Typically, the command is done with a CTRL/CMD and + or CTRL/CMD and – with a CTRL/CMD and 0 resetting things.  In addition to presentations, it can be handy to use when you hit a web site that uses a very small font.  Rather than squinting, just zoom in on it a bit.  

That’s how I thought that zooming was all about until I played around with the Zoom Extension.

This extension takes the guess work out of resizing your screen.

It installs like any other extension and, when you click the Z, a little slider bar (or a – and +) appears to let you adjust the size on the screen to precisely what you want.

If that was all that the extension did, it would still be worth installing.

However, there’s more.  Right click on the icon to get to the options.

There’s actually two ways that the extension will use to zoom.  It will either use the browser default or will tinker with the web page’s CSS for the effect.  That’s impressive but the singularly most impressive part is that the extension will “remember” the zoom level for a web page.  This, I find, to be extremely helpful for those news sites that don’t present their content in easily human readable size.  Set the new zoom size and forget it.  When you return to the website, things will be exactly to the liking that you left.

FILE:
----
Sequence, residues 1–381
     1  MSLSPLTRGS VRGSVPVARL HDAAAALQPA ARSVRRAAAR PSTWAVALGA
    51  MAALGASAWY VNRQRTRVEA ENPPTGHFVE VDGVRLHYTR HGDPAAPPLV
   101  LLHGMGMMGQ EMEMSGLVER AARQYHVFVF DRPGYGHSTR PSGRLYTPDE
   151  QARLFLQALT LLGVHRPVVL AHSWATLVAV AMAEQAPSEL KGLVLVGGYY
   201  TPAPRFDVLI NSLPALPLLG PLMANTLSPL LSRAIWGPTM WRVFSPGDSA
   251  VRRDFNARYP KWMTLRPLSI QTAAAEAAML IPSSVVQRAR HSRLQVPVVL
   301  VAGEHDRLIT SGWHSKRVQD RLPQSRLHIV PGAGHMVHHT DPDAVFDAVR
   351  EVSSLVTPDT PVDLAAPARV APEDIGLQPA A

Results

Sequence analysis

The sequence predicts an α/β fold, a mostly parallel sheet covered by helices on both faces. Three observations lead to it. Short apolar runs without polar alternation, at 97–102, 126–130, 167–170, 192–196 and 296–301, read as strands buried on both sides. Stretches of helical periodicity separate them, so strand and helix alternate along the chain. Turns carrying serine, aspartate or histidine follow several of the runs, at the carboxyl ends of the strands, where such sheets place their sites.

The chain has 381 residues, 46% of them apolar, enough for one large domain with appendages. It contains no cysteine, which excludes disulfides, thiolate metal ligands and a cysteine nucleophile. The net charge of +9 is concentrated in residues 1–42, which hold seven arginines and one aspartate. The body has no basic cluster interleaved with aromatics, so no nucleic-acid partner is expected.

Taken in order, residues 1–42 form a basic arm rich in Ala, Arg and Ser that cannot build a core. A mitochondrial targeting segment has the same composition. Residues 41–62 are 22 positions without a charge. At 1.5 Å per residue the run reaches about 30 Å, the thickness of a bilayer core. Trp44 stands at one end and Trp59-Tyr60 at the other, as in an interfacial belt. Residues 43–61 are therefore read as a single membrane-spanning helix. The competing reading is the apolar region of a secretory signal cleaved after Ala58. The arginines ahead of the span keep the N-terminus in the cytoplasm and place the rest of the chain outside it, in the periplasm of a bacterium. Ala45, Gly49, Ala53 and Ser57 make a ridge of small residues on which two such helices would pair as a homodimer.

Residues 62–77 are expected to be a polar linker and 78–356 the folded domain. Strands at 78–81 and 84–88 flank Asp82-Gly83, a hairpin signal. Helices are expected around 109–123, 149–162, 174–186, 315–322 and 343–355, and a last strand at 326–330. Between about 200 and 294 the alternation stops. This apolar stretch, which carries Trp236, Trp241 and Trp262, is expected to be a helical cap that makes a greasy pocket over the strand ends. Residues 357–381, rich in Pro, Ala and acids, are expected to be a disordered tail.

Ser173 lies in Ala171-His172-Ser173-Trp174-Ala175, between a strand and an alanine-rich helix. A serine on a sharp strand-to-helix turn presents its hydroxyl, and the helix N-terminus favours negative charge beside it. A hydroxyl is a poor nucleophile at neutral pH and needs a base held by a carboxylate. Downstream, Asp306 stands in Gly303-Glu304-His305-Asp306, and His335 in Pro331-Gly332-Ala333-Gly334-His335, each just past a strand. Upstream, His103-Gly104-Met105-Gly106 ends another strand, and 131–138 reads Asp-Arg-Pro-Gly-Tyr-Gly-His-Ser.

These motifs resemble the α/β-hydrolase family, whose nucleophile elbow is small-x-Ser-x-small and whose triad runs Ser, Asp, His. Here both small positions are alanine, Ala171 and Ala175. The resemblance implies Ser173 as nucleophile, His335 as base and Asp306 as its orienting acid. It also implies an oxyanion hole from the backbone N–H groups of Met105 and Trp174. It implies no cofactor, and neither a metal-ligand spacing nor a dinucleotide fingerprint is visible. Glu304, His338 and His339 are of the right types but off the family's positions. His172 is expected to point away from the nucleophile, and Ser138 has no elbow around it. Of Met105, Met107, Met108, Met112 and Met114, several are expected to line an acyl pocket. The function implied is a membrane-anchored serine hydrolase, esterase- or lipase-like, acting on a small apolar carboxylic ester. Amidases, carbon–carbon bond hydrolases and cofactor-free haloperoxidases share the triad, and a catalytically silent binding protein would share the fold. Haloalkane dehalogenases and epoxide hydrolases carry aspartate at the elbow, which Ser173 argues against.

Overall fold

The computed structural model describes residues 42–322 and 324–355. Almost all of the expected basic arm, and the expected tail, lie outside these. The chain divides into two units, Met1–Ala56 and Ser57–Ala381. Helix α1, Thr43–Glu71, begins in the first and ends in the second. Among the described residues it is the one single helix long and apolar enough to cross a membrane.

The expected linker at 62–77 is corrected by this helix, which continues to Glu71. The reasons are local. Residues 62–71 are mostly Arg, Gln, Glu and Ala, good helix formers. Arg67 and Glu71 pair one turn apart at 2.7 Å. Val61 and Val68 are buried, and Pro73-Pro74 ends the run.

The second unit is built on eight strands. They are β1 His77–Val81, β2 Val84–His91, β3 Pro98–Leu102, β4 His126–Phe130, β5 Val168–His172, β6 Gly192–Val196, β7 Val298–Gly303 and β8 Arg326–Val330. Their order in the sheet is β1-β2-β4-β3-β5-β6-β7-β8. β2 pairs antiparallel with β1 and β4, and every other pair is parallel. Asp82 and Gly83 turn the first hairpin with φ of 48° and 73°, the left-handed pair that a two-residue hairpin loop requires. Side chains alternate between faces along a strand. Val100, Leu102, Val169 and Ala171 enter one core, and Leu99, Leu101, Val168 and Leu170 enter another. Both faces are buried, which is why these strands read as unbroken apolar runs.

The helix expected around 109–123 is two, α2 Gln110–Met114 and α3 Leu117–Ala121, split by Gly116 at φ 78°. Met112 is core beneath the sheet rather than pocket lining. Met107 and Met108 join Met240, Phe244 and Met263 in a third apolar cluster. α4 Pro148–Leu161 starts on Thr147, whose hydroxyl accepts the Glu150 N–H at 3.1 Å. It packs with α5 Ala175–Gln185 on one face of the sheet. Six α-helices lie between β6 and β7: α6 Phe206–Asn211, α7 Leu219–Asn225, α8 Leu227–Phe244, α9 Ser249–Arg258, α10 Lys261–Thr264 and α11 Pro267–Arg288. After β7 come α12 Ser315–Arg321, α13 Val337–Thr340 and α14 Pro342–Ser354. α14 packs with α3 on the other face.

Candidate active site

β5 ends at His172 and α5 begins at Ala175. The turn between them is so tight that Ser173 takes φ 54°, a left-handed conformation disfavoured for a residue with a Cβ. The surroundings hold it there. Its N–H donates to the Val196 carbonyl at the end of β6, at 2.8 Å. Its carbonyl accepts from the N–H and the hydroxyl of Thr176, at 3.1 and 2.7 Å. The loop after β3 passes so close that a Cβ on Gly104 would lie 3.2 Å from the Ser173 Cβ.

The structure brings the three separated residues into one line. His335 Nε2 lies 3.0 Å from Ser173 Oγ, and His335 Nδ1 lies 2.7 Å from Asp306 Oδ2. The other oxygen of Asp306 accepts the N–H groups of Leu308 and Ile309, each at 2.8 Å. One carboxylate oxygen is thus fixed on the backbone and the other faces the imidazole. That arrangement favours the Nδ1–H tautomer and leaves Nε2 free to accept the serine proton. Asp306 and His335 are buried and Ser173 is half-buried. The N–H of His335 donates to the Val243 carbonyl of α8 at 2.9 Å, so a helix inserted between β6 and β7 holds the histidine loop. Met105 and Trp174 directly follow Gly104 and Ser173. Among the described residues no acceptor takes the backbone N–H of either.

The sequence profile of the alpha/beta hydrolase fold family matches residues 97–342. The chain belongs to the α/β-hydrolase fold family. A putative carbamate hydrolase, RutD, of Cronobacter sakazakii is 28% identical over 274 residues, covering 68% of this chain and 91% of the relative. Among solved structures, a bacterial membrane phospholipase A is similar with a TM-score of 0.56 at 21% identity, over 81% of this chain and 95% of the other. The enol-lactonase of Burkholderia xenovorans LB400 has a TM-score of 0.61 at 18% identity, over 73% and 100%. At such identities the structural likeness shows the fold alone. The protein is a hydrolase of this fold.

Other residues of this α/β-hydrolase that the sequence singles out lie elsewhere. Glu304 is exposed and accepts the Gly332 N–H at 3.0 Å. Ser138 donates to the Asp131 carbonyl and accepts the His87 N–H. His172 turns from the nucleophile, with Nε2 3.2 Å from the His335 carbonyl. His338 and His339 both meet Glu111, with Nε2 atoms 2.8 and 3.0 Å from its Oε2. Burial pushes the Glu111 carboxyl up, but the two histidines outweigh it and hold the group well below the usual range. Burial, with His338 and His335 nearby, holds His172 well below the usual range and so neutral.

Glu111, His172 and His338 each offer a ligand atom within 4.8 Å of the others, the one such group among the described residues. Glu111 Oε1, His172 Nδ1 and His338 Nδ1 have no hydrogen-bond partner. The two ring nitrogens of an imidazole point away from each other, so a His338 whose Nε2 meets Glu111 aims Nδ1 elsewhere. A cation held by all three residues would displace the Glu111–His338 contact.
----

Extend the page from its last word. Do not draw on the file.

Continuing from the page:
Give the extension a shot and see what you think.  It may well be exactly what you’re looking for.  

Online photo editing with Tuxpi

There was a time when there was one or two great photo editing pieces of software.  Once you learned how to use the software, you could turn the world on its end and create amazing things.  But it required a great deal of skill, the installation of the software, and quite frankly, learning a lot of the software features that you really might never use.